Objective: Somatostatin analogs are the first-line drugs for controlling hormone-mediated symptoms of carcinoid tumors. Prospective and retrospective studies have suggested that somatostatin analogs also have antiproliferative activity. The octapeptide lanreotide is available in sustained-release form, obviating the need for daily injections.
Methods: A total of 46 patients were enrolled in this open, prospective, phase II trial. They received lanreotide 30 mg i.m. every 14 days for 6 months when they had symptomatic carcinoid tumors, and lanreotide 30 mg i.m. every 10 days if they had nonsymptomatic tumors. Nonsymptomatic tumors were progressive before the start of the study. Tumor size was assessed every 3 months by means of computed tomography. The assessment was centralized and was made by an external panel.
Results: In all, 30 patients had symptomatic neuroendocrine tumors and 16 had asymptomatic neuroendocrine tumors. Five patients in the group with symptomatic tumors and two in the group with nonsymptomatic tumors were considered not to be evaluable. The mean duration of treatment was 12 months in the group with symptomatic tumors and 13 months in the other group. Among the 39 evaluable patients, two objective responses were obtained, giving an objective response rate of 5% (one in the group with symptomatic tumors and one in the other group). Nineteen patients had no significant increase in their tumor size for a mean of 9.5 months.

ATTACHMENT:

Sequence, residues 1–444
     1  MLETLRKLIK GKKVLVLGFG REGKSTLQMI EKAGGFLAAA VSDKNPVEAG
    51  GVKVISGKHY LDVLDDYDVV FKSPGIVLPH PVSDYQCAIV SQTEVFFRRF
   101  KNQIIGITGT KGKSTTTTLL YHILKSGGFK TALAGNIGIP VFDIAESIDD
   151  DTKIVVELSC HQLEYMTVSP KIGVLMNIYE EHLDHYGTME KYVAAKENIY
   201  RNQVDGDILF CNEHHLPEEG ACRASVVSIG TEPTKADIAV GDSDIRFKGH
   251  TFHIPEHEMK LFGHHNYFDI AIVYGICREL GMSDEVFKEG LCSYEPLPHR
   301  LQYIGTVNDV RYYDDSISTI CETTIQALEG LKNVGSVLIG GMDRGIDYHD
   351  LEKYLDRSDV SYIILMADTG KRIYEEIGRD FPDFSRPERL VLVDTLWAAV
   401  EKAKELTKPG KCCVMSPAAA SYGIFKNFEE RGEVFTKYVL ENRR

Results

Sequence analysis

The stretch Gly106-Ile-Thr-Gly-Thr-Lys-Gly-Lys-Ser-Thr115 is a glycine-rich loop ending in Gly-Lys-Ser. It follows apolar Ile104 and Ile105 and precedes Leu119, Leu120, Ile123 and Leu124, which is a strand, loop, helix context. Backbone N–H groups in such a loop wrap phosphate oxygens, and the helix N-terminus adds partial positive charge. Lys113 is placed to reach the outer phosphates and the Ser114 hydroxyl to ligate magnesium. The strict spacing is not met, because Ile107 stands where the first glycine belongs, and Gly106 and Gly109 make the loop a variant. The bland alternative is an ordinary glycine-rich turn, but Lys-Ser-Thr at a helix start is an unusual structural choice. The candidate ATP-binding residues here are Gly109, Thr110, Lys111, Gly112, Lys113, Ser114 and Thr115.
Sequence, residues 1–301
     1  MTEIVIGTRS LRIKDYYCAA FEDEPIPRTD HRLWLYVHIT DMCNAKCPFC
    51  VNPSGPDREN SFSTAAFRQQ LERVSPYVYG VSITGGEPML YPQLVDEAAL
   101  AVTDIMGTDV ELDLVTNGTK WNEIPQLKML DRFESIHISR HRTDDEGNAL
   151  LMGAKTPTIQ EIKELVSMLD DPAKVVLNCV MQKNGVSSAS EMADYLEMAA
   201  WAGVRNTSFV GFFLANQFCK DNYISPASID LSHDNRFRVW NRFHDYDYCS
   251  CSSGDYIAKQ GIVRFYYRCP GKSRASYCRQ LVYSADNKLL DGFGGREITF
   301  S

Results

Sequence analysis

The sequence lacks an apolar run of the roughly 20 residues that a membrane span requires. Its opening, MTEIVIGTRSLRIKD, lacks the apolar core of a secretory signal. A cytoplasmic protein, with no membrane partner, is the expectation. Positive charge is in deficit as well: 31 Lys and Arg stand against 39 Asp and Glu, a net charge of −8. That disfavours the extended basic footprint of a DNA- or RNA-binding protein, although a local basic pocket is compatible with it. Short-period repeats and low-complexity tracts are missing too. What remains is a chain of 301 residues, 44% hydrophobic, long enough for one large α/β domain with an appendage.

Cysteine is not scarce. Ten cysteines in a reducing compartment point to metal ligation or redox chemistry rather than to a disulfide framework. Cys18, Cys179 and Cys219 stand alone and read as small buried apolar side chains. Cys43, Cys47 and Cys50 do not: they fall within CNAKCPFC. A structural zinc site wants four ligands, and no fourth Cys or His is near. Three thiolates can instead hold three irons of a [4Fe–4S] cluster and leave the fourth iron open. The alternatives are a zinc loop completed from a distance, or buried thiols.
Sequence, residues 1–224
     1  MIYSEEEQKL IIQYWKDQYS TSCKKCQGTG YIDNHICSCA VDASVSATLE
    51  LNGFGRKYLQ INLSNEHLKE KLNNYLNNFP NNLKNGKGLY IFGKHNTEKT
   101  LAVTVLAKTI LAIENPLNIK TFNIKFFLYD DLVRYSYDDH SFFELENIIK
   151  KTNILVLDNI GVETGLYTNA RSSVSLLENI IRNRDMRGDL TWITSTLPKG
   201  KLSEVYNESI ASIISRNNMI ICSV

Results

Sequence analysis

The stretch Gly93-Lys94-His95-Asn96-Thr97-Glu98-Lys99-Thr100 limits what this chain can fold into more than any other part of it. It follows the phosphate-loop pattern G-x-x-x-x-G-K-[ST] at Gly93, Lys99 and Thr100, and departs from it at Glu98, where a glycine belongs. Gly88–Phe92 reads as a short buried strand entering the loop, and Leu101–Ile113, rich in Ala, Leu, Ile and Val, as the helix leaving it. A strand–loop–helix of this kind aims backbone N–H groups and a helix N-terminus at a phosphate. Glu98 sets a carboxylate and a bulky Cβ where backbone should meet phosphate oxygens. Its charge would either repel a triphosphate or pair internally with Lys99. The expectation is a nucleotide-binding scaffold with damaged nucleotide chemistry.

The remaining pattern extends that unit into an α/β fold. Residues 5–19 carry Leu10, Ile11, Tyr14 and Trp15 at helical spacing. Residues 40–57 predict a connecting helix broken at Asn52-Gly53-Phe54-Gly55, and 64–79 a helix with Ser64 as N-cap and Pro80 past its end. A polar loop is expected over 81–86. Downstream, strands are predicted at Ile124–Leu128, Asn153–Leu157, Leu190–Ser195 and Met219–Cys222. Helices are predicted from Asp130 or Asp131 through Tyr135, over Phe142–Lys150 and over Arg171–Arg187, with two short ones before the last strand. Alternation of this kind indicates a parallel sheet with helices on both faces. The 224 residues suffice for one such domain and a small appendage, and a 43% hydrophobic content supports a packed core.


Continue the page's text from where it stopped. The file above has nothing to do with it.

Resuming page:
Conclusions: Lanreotide is safe and well tolerated in patients with carcinoid tumors. It seems to have both symptomatic and antitumoral effects in this setting.